Back in Karate class last night, we were doing some 2-person drills responding to a series of punches from your partner. Respond to 3 punches in a pre-arranged pattern, but respond to 2 final punches using your imagination. The lad was excited as we drove home together - he said to me that he'd experimented with using Tai Otoshi to deal with the last 2 punches.

The lad discovered that there's no meaningful difference above the waist between doing a Soto Uke karate "block" and a Tai Otoshi judo "throw." The footwork was different, but otherwise? For one, you're standing too far away from the guy to hang on; for the other, you're closer and have a good grip with both hands.

Period.

So having made that discovery, the lad simply adjusted his distance, held on, and stepped into the right position to throw. Nothing above his waist knew that he wasn't doing a very basic ho-hum block, like 1000s of times before. Looking at a 1-arm shoulder throw (Seoi Nage), the same's true. Different footwork, different set-up to shift the opponent's weight, and a different fulcrum for the actual throw ... but almost identical arm and hip placement/motions to that basic karate "block."

I was interested to see on YouTube that one of the standard "un-weighting" motions for a Seoi Nage setup looked a whole lot like ... uhm ... like the "useless" way karate guys practice how to punch someone's midsection. Punch forward with L arm, while retracting the R fist to your own hip with equal force. Boxers or other strikers tell you that you've wasted half the force of your punch with that rotation, and left yourself wide open for a strike. Ahem.

The Seoi Nage setup did exactly that motion though, while holding the guy's sleeve in the "punching" fist (you intentionally "miss" beside his ribs) and pulling his lapel down to your hip with your retracting R-fist. Made a beautiful opening to slide your R arm and body into for the shoulder throw. Which, btw, from the waist up is just that soto uke karate "block" again - the one we teach to white belts.

So I'm looking forward to discovering just how deep that muscle memory or fascia memory goes. We're doing this excursion into Judo because a whole lot of traditional Karate is trained as solo kata, without a resisting opponent. You don't keep many training partners if in sparring or 2-person drills, you break their knees with side-kicks even 5% of the time. But a whole lot of the motions in solo kata are, as the lad and I are just beginning to discover, incredibly useful all-purpose motions if you're at this range, at that range, moving your feet this way, that way. I'm looking forward to finding out how well some of the sequences we've trained in kata translate in judo sparring if I adjust what my limbs are doing to take out "strikes" and just hold onto the guy while moving my limbs and weight around.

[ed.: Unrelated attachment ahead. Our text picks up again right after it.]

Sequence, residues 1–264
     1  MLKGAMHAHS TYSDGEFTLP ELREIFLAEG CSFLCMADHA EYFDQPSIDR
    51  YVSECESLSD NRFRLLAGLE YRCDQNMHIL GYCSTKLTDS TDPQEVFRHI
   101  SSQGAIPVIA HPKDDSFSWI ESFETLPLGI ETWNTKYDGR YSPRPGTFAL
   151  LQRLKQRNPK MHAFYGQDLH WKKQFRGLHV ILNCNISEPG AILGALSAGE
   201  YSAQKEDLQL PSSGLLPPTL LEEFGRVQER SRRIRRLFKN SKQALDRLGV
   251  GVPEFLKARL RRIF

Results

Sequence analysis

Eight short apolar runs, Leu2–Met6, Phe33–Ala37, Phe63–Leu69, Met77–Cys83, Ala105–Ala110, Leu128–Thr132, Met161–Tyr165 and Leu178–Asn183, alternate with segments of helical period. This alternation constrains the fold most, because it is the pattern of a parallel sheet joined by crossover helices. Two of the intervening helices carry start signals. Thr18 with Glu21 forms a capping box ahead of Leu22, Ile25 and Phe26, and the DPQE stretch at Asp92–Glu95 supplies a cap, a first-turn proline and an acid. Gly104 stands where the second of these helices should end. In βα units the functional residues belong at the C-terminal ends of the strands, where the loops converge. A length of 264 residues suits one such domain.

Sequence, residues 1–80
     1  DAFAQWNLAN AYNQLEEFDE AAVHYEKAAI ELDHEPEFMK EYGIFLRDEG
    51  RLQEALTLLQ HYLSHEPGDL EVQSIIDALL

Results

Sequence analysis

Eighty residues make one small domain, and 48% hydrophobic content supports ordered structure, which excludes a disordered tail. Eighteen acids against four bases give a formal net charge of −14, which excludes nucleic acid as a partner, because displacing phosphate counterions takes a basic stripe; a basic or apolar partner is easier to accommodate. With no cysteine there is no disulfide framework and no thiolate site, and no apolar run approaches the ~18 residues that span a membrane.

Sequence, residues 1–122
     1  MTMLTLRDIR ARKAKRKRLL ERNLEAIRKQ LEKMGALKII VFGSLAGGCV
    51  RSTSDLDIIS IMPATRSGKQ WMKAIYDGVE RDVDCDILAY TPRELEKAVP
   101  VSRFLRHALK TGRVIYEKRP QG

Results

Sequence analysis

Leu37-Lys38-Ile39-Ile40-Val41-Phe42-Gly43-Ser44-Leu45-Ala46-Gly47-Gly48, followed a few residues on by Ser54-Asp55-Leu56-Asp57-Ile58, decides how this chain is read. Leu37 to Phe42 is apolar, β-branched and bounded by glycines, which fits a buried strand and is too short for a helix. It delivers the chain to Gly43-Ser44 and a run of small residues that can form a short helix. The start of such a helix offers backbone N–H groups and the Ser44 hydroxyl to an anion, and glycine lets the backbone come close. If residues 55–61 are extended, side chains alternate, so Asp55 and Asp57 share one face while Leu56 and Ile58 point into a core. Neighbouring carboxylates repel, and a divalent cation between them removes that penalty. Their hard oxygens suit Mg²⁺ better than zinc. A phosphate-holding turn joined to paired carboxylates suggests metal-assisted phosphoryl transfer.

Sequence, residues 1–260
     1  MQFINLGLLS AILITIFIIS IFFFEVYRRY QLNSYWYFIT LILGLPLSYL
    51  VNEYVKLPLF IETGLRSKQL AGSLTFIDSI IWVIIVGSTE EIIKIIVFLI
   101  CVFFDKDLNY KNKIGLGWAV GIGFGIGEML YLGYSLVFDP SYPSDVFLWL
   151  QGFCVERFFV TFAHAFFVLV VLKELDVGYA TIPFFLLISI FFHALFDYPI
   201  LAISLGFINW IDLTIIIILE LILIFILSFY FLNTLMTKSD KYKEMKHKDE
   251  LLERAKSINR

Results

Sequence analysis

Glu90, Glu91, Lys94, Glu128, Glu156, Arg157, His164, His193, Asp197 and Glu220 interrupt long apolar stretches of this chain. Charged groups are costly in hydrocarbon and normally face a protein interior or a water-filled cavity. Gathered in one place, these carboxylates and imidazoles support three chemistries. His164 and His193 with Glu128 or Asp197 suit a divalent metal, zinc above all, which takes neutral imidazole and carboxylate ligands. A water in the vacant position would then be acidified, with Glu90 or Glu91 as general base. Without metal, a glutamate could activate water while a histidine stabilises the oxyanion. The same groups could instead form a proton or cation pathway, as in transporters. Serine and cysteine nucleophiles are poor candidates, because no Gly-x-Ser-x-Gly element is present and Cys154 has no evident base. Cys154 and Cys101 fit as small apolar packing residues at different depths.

Haha. I went from boxing, to Kung Fu, to Jiu Jitsu, but yeah. Same same, eh?

Pay attention, if you will, to the transition from thinking to unthinking Judo moves. I wonder if you'll notice a change over time?

Peace,
Robert

ron ll
05-02-2017, 11:22 AM
something tells me this thread is 'exceeding' the originating poster's expectations

Okay, then back to muscle memory. First human head transplant scheduled for December, 2017.
https://edgylabs.com/2017/04/01/head-transplant-canavero/

Wonder what kind of muscle memory that dude will have.

delecta
05-02-2017, 11:25 AM
I'm shocked that there are 11 posts and no mention of Trump in a derogatory way.

amish rob
05-02-2017, 11:27 AM
something tells me this thread is 'exceeding' the originating poster's expectations

Actually, I'm shocked there hasn't been a fit nor a barb slung, yet. :D

That's not nice. I shouldn't be like that. I just wanted to start a thread about something sorta serious. It could wend its way around to balloon filled sports cars, for all I care.

Peace,
Robert

oznabrag
05-02-2017, 11:30 AM
something tells me this thread is 'exceeding' the originating poster's expectations

Actually, Rob and I talked about this by PM.

The underlying theory-of-the-day is that there is a 'body-brain' that exists semi-independently/cooperatively with the Big Brain.

The body-brain seems to be decentralized, yet acting in concert with the Big Brain, which is home to the 'mind'.


Have I got this somewhere close to right, Rob?

Joe (SoCal)
05-02-2017, 11:31 AM
As I approach my 53rd year I find that it takes me a bit longer to lose those 10 lbs I put on over winter. Usually by the beginning of May I'm ripped and ready for summer activities, cycling, sailing hiking, swimming.

This year with moving and growing the business it's been a little harder to get in peak shape. For years I would do 100 ( in a row ) push ups and 100 sit-ups and 50 dips every day. Combined with gym and other activities. I will say if I put a little motivation into it my body still responds fairly fast, I always referred to that as muscle memory.

Funny I just checked my Facebook Page just now and it had this memory from 7 years ago TODAY. I need to get back into this shape again.